Answer: Rugosas are very tough, hardy roses. You can transplant your rugosas in early fall or in very early spring, but if they are well-established plants it will be quite a job. You will need to take as large a rootball as you can manage and cut the tops way back very hard to compensate for the unavoidable root loss. (This will also reduce the number of thorns you have to avoid.) Prepare the new planting holes before you dig them up and replant immediately. Water them the day before you transplant and then be sure to water them in well; a layer of mulch is a good idea, too. If you move them this fall, be sure they are well watered up until the ground freezes. Whether you move them fall or spring, also ensure they are well watered for the entire growing season. Keep in mind, too, that they probably won't bloom for a year after moving.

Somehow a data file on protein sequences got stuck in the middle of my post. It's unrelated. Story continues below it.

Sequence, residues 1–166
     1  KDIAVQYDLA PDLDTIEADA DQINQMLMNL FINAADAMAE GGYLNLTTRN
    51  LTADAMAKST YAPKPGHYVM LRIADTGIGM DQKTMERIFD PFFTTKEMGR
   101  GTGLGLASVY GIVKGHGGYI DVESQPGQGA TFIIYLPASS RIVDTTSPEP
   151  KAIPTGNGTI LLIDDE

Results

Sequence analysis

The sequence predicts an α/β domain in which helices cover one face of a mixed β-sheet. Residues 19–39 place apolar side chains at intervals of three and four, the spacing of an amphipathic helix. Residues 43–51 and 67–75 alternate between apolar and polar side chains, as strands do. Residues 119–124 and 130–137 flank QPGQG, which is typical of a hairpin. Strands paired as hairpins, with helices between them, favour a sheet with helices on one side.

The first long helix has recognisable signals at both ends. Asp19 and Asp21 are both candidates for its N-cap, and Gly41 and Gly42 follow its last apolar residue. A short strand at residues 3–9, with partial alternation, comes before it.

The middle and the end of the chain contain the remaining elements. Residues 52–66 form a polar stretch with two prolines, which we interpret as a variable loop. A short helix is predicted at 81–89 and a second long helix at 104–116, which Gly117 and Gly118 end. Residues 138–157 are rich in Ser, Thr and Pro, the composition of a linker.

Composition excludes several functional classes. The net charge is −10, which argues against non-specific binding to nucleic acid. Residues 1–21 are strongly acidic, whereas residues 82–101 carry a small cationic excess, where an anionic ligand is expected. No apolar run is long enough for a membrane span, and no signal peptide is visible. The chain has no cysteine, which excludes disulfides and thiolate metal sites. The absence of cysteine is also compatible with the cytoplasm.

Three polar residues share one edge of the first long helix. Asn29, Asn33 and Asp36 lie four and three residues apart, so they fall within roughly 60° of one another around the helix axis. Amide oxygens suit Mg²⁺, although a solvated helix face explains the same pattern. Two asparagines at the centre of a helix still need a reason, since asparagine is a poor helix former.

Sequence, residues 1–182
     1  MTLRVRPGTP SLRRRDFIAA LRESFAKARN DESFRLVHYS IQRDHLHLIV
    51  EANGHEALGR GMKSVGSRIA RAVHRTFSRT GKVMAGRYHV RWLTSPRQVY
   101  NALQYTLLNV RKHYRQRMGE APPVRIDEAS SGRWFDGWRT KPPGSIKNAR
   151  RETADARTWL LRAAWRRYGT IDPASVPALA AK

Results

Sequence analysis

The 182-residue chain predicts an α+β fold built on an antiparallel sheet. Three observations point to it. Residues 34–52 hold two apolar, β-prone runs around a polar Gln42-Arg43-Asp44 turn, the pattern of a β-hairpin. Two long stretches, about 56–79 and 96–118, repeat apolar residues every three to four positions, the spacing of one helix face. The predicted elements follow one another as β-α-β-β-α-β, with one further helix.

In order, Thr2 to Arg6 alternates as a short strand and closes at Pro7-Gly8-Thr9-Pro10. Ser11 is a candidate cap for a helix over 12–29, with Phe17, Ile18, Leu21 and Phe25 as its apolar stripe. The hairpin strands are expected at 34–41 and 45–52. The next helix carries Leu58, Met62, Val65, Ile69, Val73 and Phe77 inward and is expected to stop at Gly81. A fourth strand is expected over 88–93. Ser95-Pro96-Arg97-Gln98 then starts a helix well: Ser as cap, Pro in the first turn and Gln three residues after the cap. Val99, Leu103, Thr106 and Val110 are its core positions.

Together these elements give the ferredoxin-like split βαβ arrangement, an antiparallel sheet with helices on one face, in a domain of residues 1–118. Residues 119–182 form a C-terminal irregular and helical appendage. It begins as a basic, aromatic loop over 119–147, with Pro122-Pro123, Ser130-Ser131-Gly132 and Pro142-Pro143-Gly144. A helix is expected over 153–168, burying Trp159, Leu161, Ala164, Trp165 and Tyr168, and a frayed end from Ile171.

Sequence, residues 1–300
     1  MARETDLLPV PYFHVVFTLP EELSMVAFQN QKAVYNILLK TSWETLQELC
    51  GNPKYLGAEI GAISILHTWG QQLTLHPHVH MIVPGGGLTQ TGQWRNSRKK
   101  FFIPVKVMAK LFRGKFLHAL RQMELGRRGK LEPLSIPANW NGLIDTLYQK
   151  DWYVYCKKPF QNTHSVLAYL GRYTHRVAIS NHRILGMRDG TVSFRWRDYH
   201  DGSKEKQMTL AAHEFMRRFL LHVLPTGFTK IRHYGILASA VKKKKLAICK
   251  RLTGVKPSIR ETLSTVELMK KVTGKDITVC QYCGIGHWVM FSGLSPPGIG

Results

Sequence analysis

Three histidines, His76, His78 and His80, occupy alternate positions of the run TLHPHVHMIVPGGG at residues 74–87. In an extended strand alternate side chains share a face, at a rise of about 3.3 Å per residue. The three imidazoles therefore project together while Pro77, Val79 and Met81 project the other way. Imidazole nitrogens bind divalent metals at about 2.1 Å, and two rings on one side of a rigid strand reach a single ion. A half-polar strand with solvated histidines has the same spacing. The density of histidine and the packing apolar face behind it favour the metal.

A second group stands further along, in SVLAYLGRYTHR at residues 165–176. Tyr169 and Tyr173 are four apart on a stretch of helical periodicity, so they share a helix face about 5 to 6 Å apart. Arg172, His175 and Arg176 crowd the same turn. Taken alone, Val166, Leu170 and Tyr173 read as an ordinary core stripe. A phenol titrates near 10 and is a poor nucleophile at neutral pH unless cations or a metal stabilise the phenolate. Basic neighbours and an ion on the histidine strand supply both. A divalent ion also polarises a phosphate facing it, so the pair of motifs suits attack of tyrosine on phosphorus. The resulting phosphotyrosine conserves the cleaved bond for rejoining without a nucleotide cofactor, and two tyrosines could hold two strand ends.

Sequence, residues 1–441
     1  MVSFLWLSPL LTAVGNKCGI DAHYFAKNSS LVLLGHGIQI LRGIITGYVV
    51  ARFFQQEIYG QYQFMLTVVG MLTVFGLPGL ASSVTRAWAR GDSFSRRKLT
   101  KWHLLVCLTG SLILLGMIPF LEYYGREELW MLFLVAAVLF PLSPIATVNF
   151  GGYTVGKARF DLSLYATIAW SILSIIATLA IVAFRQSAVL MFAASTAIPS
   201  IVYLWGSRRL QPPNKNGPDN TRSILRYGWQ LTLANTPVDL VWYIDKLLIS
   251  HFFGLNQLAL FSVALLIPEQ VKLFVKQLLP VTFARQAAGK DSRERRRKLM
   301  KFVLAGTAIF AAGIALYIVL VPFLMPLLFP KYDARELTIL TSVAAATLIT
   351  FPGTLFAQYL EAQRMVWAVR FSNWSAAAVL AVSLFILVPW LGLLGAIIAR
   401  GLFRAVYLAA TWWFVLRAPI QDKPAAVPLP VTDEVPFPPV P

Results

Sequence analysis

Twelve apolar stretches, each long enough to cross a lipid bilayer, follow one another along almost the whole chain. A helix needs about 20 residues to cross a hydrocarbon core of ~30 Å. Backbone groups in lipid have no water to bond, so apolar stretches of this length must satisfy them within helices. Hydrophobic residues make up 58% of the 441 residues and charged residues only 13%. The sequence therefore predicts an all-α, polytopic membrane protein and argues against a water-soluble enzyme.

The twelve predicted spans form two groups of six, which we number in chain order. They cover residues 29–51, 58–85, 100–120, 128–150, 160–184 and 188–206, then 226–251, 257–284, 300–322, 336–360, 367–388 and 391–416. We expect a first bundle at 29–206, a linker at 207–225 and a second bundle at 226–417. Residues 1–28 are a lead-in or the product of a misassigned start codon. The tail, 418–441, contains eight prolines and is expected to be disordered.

The best time to cut back Rose-of-Sharon (Hibiscus syriacus), especially if you need to cut it back severely, is in late winter, but you can trim it any time. It blooms in late summer on new wood, so trimming it in mid-summer would remove the buds for the current year's blooms.
Good luck with your projects!
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